top of page

Ensuring good quality cells for Single Cell Sequencing

Single-cell sequencing is a revolutionary technique that has shown great potential in research and clinical practice. To guarantee the best results, you need to start the experiments with good-quality cells. To find out if your cells are suitable for single-cell sequencing, you must perform a cell count and viability analysis.

This article discusses the main applications of single-cell sequencing, and how the Inish Analyser can help you perform your experiments with greater confidence.

Single Cell Sequencing Technology

Traditional sequencing is an excellent method to find out the exact nucleotide order within a DNA molecule. But this technology can only analyse a small number of cells at a time. That's why scientists use single-cell sequencing to obtain genomic, transcriptome, or other information about cell populations, (1).

Unlike traditional sequencing, Single-cell technology can detect heterogeneity among individual cells, distinguishing cells, and delineating cell maps. At first, the technology was too expensive for widespread use. But this reality is changing quickly, (1).

Single Cell Sequencing Applications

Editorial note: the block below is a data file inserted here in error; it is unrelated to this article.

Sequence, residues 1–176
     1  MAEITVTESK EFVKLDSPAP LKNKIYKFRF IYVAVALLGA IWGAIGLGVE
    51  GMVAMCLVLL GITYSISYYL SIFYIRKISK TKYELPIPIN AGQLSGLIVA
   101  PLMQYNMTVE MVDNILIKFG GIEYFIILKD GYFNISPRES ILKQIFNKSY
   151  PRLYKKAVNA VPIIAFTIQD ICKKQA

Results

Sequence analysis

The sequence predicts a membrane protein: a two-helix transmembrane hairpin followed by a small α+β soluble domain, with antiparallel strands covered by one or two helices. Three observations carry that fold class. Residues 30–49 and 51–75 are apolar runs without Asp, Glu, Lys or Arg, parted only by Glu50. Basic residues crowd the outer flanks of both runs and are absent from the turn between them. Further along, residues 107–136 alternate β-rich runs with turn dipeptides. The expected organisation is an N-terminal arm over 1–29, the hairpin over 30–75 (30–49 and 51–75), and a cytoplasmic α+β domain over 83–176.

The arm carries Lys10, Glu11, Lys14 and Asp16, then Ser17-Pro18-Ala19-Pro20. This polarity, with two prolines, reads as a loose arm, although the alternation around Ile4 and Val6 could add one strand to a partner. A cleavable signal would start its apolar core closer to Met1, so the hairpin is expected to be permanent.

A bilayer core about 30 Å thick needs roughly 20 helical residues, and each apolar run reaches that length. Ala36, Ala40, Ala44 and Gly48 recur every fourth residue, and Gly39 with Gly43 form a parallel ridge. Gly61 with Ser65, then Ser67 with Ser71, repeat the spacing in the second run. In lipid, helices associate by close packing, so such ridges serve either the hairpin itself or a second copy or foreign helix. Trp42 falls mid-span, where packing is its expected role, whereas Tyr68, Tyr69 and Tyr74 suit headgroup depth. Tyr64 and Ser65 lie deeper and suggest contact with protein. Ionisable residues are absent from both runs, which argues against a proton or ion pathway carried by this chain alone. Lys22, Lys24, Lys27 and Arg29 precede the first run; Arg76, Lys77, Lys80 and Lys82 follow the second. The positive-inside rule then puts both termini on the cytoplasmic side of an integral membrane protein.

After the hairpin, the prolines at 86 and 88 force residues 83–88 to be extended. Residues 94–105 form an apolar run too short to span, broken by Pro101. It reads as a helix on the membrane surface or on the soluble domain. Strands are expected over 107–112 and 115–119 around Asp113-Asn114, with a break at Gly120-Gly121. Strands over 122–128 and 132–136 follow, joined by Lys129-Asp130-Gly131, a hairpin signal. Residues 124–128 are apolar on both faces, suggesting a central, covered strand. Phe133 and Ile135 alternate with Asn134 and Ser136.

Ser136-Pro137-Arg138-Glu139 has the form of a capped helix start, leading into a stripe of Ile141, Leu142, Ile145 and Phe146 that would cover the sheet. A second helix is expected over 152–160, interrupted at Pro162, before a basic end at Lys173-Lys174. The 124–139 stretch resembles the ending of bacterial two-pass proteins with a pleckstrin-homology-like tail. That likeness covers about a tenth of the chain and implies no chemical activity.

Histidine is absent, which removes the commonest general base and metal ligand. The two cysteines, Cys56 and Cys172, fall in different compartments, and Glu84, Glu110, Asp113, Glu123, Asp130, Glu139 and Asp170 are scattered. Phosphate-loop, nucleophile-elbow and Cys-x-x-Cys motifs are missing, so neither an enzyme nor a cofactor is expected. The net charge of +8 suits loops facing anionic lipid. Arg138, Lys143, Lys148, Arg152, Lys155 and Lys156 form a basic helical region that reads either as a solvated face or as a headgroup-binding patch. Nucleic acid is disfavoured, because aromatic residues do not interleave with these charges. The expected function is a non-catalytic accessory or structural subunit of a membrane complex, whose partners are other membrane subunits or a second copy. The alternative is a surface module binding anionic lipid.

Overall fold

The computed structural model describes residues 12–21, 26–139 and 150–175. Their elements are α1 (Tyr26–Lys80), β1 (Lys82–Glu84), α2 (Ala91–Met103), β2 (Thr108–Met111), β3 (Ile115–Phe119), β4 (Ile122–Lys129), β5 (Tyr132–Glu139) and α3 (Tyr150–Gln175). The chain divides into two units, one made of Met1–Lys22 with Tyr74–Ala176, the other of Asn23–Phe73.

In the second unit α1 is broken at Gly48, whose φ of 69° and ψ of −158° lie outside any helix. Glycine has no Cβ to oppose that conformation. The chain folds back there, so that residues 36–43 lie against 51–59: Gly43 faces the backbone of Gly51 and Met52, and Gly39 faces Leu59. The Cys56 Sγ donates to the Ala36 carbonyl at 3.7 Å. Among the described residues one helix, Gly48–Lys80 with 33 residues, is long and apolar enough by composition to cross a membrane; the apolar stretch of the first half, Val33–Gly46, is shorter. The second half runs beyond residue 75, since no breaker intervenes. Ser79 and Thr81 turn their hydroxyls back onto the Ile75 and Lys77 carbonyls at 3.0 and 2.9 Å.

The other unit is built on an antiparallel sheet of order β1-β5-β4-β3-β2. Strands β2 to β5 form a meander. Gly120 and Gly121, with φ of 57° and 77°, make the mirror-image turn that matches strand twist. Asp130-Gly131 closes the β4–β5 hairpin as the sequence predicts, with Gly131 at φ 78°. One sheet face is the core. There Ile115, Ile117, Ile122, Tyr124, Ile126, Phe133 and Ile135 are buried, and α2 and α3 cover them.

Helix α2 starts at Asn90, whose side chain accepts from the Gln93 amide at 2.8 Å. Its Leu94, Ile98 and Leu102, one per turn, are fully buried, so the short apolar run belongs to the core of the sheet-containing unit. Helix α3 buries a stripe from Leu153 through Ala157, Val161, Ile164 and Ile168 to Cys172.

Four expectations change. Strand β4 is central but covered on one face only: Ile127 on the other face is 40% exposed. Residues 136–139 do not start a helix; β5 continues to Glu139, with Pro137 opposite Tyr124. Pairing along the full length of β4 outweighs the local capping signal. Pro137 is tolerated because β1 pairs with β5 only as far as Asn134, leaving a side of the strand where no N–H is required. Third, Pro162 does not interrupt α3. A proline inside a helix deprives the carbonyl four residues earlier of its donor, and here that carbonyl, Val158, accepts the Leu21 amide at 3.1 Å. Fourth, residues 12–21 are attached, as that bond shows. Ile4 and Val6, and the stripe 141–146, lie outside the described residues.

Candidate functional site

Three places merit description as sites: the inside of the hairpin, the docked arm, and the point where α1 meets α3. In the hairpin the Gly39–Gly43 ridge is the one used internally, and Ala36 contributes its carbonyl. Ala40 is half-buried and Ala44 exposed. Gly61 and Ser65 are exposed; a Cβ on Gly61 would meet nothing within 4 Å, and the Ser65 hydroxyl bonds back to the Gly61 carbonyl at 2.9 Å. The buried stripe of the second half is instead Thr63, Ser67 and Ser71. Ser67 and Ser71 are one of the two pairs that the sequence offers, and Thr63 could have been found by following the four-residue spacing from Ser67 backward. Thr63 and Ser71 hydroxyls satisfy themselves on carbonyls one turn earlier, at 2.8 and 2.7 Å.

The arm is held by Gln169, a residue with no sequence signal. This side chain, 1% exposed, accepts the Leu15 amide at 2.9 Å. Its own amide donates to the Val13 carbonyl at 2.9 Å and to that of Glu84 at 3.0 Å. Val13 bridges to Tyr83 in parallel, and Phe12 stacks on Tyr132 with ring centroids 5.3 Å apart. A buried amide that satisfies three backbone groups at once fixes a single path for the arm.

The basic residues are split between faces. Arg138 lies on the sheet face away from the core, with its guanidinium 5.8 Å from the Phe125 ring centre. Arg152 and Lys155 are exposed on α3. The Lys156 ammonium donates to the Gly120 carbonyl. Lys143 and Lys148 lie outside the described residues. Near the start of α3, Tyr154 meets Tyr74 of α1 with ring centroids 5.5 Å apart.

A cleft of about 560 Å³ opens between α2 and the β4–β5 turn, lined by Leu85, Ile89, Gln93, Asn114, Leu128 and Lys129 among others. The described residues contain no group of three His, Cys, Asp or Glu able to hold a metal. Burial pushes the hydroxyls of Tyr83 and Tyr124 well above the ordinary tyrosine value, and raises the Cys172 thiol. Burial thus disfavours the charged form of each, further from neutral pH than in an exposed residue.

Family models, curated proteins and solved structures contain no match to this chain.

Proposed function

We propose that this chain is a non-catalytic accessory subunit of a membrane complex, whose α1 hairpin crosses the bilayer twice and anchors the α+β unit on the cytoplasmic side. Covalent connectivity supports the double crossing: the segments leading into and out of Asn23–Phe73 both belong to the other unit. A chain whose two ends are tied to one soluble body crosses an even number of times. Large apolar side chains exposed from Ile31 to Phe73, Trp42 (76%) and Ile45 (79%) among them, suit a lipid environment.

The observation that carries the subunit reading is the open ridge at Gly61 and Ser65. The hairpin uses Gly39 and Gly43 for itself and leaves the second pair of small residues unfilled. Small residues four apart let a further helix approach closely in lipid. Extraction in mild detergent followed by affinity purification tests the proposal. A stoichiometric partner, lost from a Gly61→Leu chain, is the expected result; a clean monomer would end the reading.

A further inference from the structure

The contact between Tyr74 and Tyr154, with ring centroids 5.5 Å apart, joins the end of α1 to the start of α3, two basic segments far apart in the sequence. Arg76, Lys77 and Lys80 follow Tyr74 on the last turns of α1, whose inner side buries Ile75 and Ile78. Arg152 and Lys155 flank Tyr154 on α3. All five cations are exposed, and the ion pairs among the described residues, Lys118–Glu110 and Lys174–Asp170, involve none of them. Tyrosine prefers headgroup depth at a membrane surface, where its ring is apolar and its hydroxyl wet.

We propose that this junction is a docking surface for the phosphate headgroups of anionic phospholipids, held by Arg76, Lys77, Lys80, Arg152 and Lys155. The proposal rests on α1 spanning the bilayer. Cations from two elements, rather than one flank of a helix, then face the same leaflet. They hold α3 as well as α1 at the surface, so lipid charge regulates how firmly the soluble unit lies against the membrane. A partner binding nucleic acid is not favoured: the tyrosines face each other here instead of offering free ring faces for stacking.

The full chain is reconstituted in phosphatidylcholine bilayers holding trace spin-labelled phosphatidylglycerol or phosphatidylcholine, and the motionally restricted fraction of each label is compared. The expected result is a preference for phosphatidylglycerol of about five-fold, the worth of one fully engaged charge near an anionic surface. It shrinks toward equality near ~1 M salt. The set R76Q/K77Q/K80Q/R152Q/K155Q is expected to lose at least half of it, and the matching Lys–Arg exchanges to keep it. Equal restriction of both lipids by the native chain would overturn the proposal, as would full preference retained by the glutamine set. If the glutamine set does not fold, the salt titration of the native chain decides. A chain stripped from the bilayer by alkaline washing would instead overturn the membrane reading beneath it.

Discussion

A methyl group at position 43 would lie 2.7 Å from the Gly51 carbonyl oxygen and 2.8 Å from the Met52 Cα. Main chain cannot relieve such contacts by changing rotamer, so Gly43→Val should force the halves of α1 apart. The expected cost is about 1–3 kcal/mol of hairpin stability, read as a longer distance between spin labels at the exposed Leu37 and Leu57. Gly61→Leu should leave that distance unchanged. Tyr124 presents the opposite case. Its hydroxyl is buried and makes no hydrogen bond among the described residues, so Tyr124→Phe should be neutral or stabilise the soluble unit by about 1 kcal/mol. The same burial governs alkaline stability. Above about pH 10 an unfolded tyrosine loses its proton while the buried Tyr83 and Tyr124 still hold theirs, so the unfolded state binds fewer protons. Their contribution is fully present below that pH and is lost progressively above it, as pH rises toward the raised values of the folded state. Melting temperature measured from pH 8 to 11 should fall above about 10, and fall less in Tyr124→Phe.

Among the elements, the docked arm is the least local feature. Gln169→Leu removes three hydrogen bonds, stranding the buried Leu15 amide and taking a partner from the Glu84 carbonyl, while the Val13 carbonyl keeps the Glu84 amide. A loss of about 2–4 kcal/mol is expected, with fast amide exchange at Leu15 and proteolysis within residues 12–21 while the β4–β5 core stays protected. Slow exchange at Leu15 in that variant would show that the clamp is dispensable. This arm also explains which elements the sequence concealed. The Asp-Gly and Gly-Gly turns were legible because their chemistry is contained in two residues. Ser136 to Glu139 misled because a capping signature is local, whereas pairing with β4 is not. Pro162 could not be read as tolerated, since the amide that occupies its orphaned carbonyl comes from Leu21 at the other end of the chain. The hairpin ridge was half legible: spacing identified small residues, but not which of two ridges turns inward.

The technology has evolved considerably in the last number of years, lowering the costs and increasing the detection ability. Advanced single-cell sequencing methods can detect copy number variation (CNV) with high resolution. With the single-cell multiple sequencing technique (ssCOOL-seq), researchers can analyse CNV, chromatin state, and DNA methylation simultaneously, (1).

Using topographic single-cell sequencing (TSCS), scientists can describe the specific characteristics of individual tumor cells and study invasion and metastasis mechanisms, (1). Those are just a few examples of what you can do with this technology. The applications are endless and go from basic research to clinical practice and diagnostics. Examples include:


Genetic variation originates in cells with different characteristics within tumor tissues. This heterogeneity may influence tumor development and metastasis. So, researchers can use single-cell sequencing to detect tumor cell heterogeneity ad draw tumor cell maps accurately. The method allows detection of specific markers within tumors to better explain the disease's mechanisms and develop new treatments and diagnostic procedures, (1).


Single-cell sequencing detects and differentiates individual immune cells. With this method, researchers can discover new targets for disease treatment. They can also study highly heterogeneous immune cells originating from different pathogens by detecting their unique genetic material, (1).

Nervous System

Neurons are different from one another because o